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The global tree restoration potential – Article in Journal Science
The potential for global forest cover
Erratum for the Report: “The global tree restoration potential” by J.-F. Bastin, Y. Finegold, C. Garcia, D. Mollicone, M. Rezende, D. Routh, C. M. Zohner, T. W. Crowther and for the Technical Response “Response to Comments on ‘The global tree restoration potential’” by J.-F. Bastin, Y. Finegold, C. Garcia, N. Gellie, A. Lowe, D. Mollicone, M. Rezende, D. Routh, M. Sacande, B. Sparrow, C. M. Zohner, T. W. Crowther
The authors “know of no other current carbon drawdown solution that is quantitatively as large in terms of carbon capture”
References and Notes
Tree planting ‘has mind-blowing potential’ to tackle climate crisis
Research shows a trillion trees could be planted to capture huge amount of carbon dioxide
Planting billions of trees across the world is one of the biggest and cheapest ways of taking CO2 out of the atmosphere to tackle the climate crisis, according to scientists, who have made the first calculation of how many more trees could be planted without encroaching on crop land or urban areas.
As trees grow, they absorb and store the carbon dioxide emissions that are driving global heating. New research estimates that a worldwide planting programme could remove just under one-third of all the emissions from human activities that remain in the atmosphere today, a figure the scientists describe as “mind-blowing”.
The analysis found there are 1.7bn hectares of treeless land on which 1.2tn native tree saplings would naturally grow. That area is about 11% of all land and equivalent to the size of the US and China combined. Tropical areas could have 100% tree cover, while others would be more sparsely covered, meaning that on average about half the area would be under tree canopy.
The scientists specifically excluded all fields used to grow crops and urban areas from their analysis. But they did include grazing land, on which the researchers say a few trees can also benefit sheep and cattle.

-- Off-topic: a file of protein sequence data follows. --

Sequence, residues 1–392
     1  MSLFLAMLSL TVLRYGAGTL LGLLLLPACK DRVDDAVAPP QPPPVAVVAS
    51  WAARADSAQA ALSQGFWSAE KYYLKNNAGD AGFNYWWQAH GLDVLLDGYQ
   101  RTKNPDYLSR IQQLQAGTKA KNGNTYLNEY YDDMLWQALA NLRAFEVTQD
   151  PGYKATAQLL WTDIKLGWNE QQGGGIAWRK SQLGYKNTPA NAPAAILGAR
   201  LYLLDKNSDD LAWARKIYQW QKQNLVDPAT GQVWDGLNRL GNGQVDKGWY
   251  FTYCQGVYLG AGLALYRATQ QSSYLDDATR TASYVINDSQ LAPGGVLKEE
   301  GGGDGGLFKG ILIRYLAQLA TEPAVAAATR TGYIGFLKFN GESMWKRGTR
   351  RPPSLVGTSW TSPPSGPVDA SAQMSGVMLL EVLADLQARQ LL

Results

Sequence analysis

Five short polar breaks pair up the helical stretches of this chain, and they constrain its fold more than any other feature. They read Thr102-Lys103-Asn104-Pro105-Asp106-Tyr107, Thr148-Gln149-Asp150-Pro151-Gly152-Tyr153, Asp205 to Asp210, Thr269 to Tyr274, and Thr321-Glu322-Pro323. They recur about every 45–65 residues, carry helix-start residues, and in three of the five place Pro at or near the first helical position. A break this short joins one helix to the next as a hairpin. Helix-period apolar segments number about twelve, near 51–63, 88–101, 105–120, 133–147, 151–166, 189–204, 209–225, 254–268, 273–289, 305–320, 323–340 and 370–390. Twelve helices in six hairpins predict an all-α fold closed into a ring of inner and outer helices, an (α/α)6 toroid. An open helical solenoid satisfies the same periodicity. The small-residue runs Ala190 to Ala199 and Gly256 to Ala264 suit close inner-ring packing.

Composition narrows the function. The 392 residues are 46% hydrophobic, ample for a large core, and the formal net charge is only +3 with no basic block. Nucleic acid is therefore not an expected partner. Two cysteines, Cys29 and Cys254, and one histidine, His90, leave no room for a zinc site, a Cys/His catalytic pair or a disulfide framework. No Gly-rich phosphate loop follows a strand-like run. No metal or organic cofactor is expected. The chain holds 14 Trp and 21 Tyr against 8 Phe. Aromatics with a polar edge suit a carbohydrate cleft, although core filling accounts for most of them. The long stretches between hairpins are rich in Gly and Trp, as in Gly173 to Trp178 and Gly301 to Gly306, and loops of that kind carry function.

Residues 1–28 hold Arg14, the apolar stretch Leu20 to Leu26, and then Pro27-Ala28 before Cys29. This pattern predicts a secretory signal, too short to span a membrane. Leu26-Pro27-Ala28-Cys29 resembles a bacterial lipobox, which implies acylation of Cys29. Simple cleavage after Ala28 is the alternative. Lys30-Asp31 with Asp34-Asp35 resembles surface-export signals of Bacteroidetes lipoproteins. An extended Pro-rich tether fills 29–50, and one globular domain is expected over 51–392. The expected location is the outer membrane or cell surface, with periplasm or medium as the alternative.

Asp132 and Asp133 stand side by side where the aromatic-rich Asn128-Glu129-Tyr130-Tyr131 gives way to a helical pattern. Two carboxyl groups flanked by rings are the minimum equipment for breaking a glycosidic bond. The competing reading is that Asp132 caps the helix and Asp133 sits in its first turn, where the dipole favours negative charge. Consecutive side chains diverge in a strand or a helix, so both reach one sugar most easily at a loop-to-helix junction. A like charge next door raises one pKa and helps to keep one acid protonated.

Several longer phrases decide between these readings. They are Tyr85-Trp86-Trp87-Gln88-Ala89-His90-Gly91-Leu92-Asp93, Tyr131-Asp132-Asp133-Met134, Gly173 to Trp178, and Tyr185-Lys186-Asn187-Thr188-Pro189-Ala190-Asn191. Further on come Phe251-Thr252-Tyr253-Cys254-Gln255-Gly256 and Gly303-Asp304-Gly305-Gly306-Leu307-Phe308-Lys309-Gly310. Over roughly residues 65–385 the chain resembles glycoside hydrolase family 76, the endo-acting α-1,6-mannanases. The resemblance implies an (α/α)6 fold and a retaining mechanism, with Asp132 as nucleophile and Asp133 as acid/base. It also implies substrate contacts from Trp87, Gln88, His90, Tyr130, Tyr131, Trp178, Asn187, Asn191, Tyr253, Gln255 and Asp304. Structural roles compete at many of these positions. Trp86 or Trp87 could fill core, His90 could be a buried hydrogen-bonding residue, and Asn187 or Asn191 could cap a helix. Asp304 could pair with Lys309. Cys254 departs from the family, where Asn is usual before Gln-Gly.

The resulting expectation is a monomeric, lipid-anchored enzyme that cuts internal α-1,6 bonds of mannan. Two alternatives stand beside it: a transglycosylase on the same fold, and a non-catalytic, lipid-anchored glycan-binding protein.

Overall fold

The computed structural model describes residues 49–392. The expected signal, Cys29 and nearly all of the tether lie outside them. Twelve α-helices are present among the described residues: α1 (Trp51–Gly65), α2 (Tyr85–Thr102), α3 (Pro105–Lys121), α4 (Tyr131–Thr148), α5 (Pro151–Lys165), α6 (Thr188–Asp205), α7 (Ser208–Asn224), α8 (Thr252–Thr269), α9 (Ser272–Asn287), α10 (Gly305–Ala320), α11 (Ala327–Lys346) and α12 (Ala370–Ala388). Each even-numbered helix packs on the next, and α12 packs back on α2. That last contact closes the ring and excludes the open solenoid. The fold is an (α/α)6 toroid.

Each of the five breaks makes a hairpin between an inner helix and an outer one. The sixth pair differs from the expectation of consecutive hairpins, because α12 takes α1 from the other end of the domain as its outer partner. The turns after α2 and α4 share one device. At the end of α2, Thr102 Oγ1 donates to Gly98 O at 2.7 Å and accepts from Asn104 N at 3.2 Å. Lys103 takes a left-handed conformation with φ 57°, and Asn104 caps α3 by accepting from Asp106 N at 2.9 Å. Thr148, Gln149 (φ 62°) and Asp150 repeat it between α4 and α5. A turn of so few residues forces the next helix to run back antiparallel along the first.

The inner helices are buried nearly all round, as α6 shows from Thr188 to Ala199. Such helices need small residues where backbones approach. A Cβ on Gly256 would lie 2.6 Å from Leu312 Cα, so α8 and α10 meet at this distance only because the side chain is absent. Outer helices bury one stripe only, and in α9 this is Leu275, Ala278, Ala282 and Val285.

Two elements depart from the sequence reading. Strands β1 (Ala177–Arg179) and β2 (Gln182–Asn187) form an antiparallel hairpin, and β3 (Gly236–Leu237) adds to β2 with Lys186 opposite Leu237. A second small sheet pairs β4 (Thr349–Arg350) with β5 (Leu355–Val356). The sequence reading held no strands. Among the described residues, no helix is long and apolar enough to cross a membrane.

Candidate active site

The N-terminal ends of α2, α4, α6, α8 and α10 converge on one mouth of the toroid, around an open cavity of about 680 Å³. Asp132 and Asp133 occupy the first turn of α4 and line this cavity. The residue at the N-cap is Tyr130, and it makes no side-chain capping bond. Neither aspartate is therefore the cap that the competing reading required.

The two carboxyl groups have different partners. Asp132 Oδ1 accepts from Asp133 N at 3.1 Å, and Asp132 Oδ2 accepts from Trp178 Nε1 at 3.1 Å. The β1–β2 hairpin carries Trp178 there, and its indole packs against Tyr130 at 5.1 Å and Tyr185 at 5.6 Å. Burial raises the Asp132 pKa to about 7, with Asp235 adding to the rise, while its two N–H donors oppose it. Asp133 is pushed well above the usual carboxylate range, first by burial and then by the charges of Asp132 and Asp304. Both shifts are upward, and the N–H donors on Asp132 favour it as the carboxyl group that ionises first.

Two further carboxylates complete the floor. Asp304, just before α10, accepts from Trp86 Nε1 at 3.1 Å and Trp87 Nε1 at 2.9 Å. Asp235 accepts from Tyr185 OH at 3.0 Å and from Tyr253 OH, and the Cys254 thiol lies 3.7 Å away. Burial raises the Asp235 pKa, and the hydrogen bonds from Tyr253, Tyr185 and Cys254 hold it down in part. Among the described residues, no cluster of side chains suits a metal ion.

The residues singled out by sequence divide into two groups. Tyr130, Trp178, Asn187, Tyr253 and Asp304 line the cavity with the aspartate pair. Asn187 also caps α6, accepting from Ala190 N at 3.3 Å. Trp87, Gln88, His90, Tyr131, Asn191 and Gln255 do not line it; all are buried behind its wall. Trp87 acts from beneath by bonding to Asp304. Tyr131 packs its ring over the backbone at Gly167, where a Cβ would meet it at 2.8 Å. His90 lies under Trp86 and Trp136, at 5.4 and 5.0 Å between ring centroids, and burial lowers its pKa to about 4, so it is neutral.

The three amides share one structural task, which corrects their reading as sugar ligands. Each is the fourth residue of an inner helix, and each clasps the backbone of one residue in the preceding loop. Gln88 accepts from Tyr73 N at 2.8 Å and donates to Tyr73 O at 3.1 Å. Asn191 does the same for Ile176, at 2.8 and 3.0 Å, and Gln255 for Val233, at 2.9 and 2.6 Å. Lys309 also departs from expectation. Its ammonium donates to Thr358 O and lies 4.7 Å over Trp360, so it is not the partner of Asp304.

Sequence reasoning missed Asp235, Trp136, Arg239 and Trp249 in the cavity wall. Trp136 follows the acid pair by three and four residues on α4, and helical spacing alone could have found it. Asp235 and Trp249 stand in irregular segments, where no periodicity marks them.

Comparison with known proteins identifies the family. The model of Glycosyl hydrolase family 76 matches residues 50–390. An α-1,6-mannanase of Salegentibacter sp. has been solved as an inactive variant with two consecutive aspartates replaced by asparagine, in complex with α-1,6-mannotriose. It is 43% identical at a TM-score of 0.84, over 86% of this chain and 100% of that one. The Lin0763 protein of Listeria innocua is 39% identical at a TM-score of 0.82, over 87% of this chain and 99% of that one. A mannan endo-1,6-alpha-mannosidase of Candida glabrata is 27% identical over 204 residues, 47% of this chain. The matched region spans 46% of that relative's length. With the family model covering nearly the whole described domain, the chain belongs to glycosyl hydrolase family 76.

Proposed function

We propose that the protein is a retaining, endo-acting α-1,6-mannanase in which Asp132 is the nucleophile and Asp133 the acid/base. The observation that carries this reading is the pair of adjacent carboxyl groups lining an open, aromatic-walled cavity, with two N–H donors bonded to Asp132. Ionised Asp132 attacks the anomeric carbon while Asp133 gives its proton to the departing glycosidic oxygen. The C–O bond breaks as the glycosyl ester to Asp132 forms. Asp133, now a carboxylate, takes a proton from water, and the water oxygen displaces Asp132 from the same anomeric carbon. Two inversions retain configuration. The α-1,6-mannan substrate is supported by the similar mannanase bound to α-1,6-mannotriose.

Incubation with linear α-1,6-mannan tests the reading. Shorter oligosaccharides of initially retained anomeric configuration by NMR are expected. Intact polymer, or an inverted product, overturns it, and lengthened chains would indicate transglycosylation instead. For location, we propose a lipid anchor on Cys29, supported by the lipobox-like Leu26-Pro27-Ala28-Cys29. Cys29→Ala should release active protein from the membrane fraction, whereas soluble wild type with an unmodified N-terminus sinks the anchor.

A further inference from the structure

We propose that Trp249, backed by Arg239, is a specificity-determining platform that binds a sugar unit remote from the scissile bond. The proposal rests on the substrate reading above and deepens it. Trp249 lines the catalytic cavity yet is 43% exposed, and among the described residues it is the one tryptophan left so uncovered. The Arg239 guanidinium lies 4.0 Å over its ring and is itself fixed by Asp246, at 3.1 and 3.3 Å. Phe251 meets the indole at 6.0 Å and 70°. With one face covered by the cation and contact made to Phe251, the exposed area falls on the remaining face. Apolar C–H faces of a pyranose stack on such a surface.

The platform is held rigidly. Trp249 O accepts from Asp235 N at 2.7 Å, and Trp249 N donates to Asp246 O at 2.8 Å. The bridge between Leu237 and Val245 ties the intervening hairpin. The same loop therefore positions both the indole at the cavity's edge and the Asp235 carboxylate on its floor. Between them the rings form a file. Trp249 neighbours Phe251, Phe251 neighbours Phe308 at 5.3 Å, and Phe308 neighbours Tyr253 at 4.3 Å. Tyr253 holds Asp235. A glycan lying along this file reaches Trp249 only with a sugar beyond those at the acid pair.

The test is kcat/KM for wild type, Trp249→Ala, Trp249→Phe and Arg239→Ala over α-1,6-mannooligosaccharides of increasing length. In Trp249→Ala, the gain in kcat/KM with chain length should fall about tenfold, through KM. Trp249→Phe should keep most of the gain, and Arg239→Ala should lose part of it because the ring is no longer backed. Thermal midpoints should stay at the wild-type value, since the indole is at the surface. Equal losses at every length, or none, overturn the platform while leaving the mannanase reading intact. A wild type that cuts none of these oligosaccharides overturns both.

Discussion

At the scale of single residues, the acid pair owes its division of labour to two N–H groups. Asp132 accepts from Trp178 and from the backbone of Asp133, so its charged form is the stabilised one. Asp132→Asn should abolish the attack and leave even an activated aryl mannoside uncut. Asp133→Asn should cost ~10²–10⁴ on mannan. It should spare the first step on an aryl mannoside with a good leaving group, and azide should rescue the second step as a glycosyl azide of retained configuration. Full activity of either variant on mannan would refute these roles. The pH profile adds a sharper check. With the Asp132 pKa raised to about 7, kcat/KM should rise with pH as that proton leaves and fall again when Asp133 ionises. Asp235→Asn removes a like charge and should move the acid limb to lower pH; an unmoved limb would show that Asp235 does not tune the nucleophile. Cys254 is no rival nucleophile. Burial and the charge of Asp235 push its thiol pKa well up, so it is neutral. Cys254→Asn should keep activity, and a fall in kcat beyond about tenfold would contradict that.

“This new quantitative evaluation shows [forest] restoration isn’t just one of our climate change solutions, it is overwhelmingly the top one,” said Prof Tom Crowther at the Swiss university ETH Zürich, who led the research. “What blows my mind is the scale. I thought restoration would be in the top 10, but it is overwhelmingly more powerful than all of the other climate change solutions proposed.”
Crowther emphasised that it remains vital to reverse the current trends of rising greenhouse gas emissions from fossil fuel burning and forest destruction, and bring them down to zero. He said this is needed to stop the climate crisis becoming even worse and because the forest restoration envisaged would take 50-100 years to have its full effect of removing 200bn tonnes of carbon.
But tree planting is “a climate change solution that doesn’t require President Trump to immediately start believing in climate change, or scientists to come up with technological solutions to draw carbon dioxide out of the atmosphere”, Crowther said. “It is available now, it is the cheapest one possible and every one of us can get involved.” Individuals could make a tangible impact by growing trees themselves, donating to forest restoration organisations and avoiding irresponsible companies, he added.
Other scientists agree that carbon will need to be removed from the atmosphere to avoid catastrophic climate impacts and have warned that technological solutions will not work on the vast scale needed.
Jean-François Bastin, also at ETH Zürich, said action was urgently required: “Governments must now factor [tree restoration] into their national strategies.”